This complex developed in the low Moche valley, from the first nucleus which was the citadel of Cayhuac and the pyramid of El Higo, collecting around itself ten monumental citadels. Its total population at its historical peak of development is estimated to have been 26,400 inhabitants, of which 10,500 were artisans of both sexes; they also had a large system of irrigated farmland, as well as caravans of camelids supplying the city from farms with the raw materials for its production, foodstuffs and all necessary items for its permanent activity. Chan Chan, like the Egyptian necropolises, had large neighborhoods of artisans and officials around the pyramids and funerary palaces, in charge of maintaining the cult of their dead sovereign, deified for centuries after his death.

The Pakatnamu Complex
Located on an elevated plateau between the sea and the valley, Pakatnamu is one of the largest and most beautiful Chimu, Lambayeque and Mochica sites. It was defended by two large walls and high cliffs, covering an area of more than 1.5 km2. Studies have proved that this monument adopted its current appearance during the Lambayeque period. Its purpose has not yet been clearly determined, although the evidence suggests it may have been used for complex ceremonies, including human sacrifices, indicating it must have been a major ceremonial complex.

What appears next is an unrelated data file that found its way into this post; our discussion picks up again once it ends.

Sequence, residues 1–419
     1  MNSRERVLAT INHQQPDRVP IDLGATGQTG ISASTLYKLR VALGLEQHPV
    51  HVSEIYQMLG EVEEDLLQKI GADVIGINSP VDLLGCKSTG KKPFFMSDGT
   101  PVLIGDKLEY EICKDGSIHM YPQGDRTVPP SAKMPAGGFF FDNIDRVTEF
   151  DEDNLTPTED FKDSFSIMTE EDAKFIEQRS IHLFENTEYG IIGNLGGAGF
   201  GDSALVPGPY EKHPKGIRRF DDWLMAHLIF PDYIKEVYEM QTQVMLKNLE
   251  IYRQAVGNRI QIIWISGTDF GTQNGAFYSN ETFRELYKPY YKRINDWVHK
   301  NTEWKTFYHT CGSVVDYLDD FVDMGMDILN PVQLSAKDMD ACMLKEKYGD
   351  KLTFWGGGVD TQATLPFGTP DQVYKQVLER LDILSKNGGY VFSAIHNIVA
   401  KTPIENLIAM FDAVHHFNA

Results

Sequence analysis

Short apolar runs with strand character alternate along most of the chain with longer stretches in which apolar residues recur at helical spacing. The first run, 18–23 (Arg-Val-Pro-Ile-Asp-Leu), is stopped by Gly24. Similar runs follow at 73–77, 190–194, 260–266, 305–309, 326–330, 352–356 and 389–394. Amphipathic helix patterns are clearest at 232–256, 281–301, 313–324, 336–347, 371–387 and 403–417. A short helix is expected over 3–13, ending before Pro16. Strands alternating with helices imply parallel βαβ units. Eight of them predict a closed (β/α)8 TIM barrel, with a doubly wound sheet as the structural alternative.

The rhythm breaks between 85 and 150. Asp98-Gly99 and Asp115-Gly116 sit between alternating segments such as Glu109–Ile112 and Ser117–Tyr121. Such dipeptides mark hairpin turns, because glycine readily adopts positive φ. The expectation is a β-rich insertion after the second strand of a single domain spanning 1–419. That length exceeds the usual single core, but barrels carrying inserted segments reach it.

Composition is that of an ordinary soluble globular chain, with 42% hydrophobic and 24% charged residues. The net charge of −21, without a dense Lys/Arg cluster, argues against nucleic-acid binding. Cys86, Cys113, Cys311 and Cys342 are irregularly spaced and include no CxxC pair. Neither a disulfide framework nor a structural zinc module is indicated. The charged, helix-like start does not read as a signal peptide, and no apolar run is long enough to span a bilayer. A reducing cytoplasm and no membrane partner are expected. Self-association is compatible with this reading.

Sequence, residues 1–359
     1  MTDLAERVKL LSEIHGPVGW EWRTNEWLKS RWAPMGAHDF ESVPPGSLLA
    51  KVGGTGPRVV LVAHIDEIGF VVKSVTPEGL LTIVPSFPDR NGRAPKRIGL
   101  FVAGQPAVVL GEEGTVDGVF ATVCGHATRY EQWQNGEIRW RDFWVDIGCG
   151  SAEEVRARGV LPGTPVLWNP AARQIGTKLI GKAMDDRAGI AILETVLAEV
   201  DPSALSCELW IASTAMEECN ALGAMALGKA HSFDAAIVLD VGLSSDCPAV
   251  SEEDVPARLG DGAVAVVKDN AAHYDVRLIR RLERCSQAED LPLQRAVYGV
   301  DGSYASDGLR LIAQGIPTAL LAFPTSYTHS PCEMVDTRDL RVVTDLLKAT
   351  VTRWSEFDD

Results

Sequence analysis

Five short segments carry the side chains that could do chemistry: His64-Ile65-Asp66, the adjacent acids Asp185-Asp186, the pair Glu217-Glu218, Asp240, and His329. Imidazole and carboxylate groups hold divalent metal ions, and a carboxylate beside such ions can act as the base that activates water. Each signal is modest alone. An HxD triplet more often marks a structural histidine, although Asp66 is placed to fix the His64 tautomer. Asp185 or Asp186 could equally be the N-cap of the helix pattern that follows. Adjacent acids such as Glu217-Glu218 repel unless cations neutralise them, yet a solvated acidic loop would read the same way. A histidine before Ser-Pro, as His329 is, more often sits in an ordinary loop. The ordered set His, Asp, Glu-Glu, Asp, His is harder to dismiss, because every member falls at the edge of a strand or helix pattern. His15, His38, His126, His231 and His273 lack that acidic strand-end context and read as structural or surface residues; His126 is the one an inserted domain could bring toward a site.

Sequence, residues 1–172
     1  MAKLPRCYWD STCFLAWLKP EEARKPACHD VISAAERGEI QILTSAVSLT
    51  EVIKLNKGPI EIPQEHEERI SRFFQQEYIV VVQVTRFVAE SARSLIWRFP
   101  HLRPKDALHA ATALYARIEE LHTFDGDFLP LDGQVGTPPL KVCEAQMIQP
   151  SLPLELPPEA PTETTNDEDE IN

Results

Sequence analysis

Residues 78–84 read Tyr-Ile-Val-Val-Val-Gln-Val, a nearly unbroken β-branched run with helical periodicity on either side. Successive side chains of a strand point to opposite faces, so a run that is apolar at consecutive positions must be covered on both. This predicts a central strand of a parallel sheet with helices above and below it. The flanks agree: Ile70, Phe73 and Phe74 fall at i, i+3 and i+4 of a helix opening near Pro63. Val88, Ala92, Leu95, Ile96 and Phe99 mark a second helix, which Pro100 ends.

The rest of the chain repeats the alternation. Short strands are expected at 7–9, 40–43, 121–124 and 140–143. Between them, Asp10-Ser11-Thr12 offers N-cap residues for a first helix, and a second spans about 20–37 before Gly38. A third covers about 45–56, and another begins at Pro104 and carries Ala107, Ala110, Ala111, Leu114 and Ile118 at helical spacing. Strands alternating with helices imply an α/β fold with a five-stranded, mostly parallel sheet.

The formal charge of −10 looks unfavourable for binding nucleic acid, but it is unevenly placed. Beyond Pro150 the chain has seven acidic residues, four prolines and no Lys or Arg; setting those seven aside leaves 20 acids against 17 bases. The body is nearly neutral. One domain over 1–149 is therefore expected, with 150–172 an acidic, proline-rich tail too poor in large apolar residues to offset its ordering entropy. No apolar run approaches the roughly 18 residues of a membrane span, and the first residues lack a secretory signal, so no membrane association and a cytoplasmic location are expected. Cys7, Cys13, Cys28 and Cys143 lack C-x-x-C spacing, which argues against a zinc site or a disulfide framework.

Huaca or Temple of the Kings
Going back up the Moche river to its source, one comes across a temple complex that, according to tests precedes the construction of Chan-Chan by 2,000 years; this 200 ha complex, hidden among the mounds in a place called Caballo Muerto (Dead Horse), was built during the second millennium BC, requiring an amount of labor equivalent to 350,000 man/hours per day. It is thought to have been one of the political and religious centers of the Cupisnique culture, admired for its beautifully decorated ceramics that are aoften confused with those of Chavin. However, dates from Carbon 14 testing indicate that the Cupisnique style persisted after the disappearance of the culture.